The traditional explanation is that you're paying for certainty, which has some value (typically hugely overestimated). But I think 'certainty' should really be read as something more like "not being blameworthy." ...
This is the second nomination in order to get this in the official Review pool, in order for John S. Wentworth's future "more detailed review" to be in the official Review pool.
My understanding of the arguments against using a utility maximiser is that proponents accept that this will lead to sub-optimal or dominated outcomes, but they are happy to accept this because they believe that these AIs will be easier to align. This seems like a completely reasonable trade-off to me. For example, imagine that choosing option A is worth 1 utility. Option B is worth 1.1 utility if 100 mathematical statements are all correct, but -1000 otherwise (we are ignoring the costs of reading through and thinking about all 100 mathematical statements...
It seems to me that there has been enough unanswered criticism of the implications of coherence theorems for making predictions about AGI that it would be quite misleading to include this post in the 2019 review.
In an earlier review, johnswentworth argues:
I think instrumental convergence provides a strong argument that...we can use trade-offs with those resources in order to work out implied preferences over everything else, at least for the sorts of "agents" we actually care about (i.e. agents which have significant impact on the world).
I think this...
I have used this post quite a few times as a citation when I want to motivate the use of expected utility theory as an ideal for making decisions, because it explains how it's not just an elegant decisionmaking procedure from nowhere but a mathematical inevitability of the requirements to not leave money on the table or to accept guaranteed losses. I find the concept of coherence theorems a better foundation than the normal way this is explained, by pointing at the von Neumann-Morgensten axioms and saying "they look true".
The hypothetical person with circular preferences in where to be reminds me of the hero of The Phantom Tollbooth, Milo, whose own location preferences are described this way: "When he was in school he longed to be out, and when he was out he longed to be in. On the way he thought about coming home, and coming home he thought about going. Wherever he was he wished he were somewhere else, and when he got there he wondered why he'd bothered."
"Is a fleeting emotional sense of certainty over 1 minute, worth automatically discarding the potential $5-million outcome?" - I know it's mostly outside of what is being modelled here, but suspect that someone who takes the 90% bet and wins nothing might experience much more than just a fleeting sense of disappointment, much more than someone who takes the 45% chance and doesn't win.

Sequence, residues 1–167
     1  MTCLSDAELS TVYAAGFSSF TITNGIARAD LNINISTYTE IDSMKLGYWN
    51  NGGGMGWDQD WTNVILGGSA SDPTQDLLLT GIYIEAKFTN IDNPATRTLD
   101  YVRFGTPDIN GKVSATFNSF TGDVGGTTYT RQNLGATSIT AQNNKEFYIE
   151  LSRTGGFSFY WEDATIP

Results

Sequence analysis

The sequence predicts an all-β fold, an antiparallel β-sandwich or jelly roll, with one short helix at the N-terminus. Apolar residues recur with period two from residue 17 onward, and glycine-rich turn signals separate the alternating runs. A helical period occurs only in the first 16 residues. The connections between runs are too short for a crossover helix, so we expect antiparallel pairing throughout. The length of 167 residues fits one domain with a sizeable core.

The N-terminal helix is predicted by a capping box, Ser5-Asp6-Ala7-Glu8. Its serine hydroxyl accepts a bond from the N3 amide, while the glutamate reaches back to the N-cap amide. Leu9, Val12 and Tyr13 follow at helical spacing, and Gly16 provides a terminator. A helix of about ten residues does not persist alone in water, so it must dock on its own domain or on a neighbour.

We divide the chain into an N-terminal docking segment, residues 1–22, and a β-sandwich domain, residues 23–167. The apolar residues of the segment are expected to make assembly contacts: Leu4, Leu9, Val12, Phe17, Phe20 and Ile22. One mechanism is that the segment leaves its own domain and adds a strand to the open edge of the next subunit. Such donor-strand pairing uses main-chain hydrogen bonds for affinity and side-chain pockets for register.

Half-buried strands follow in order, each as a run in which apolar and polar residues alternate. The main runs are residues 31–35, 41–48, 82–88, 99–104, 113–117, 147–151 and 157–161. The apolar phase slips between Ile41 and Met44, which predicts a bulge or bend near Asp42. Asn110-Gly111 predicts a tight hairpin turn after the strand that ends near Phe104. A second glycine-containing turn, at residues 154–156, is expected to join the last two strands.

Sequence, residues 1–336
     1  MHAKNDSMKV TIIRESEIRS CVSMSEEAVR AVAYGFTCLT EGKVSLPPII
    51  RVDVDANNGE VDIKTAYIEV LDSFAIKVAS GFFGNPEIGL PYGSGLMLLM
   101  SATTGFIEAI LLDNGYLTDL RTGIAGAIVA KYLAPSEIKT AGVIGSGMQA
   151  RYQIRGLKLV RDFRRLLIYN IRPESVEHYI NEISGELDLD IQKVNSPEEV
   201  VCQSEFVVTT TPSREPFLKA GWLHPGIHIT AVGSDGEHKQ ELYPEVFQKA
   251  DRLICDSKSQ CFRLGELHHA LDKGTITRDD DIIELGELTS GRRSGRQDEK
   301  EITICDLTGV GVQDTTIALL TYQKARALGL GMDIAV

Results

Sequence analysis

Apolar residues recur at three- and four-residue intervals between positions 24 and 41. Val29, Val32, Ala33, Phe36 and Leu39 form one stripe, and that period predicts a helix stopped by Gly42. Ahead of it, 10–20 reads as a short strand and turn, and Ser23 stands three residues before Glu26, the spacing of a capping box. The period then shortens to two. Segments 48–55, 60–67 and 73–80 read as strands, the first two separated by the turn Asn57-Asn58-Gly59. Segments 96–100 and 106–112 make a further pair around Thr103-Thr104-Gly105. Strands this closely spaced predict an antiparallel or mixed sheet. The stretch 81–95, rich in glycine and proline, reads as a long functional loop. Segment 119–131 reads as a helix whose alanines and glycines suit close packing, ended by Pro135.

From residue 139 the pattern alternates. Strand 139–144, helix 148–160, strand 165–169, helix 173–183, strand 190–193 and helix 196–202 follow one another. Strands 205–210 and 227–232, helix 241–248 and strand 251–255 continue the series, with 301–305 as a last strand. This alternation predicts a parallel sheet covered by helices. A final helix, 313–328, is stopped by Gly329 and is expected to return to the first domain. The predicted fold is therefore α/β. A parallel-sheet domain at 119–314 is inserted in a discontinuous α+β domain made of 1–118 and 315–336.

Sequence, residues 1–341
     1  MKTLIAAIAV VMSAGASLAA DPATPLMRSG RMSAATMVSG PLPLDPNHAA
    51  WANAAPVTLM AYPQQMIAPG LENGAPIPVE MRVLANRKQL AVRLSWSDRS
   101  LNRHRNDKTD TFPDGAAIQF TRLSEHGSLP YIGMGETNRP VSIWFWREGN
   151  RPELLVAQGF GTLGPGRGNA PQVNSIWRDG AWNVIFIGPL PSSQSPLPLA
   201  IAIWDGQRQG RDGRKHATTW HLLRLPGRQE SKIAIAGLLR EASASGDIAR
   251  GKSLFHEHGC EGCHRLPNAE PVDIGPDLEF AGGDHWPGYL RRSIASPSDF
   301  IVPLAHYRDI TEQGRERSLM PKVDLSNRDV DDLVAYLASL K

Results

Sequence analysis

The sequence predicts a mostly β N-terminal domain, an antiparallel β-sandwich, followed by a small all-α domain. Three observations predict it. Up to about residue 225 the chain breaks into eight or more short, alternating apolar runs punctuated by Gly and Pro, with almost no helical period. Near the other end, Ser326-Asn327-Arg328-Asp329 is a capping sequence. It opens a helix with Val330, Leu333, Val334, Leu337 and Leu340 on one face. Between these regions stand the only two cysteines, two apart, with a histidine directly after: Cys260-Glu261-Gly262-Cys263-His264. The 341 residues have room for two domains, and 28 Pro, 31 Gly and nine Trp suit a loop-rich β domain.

There is one other explanations for the results of those experiments.
In a real world, it's quite uncommon that somebody tells you exact probabilities—no you need to infer them from the situation around you. And we the people, we pretty much suck at assigning numeric values to probabilities. When I say 99%, it probably means something like 90%. When I say 90%, I'd guess 70% corresponds to that.
But that doesn't mean that people behave irrationally. If you view the proposed scenarios through the described lens, it's more like:
a) Certainty ...
So the fact that Alice can't be viewed as having any coherent relative value for apples and oranges, corresponds to her ending up with qualitatively less of some category of fruit (without any corresponding gains elsewhere).
It's possible that the fruit has negative value, and that the behavior aims to reduce the total negative value.
The situations:
8a1o, 0a3o, 2a2o, 5a1o.
If apples are minus two and oranges are minus seven then all trades are rational. 8a1o is valued at -23, 0a3o is valued at -21, 2a2o is valued at -18, 5a1o is valued at -17.
(Written for Arbital in 2017.)
Introduction to the introduction: Why expected utility?
So we're talking about how to make good decisions, or the idea of 'bounded rationality', or what sufficiently advanced Artificial Intelligences might be like; and somebody starts dragging up the concepts of 'expected utility' or 'utility functions'.
And before we even ask what those are, we might first ask, Why?
There's a mathematical formalism, 'expected utility', that some people invented to talk about making decisions. This formalism is very academically popular, and appears in all the textbooks.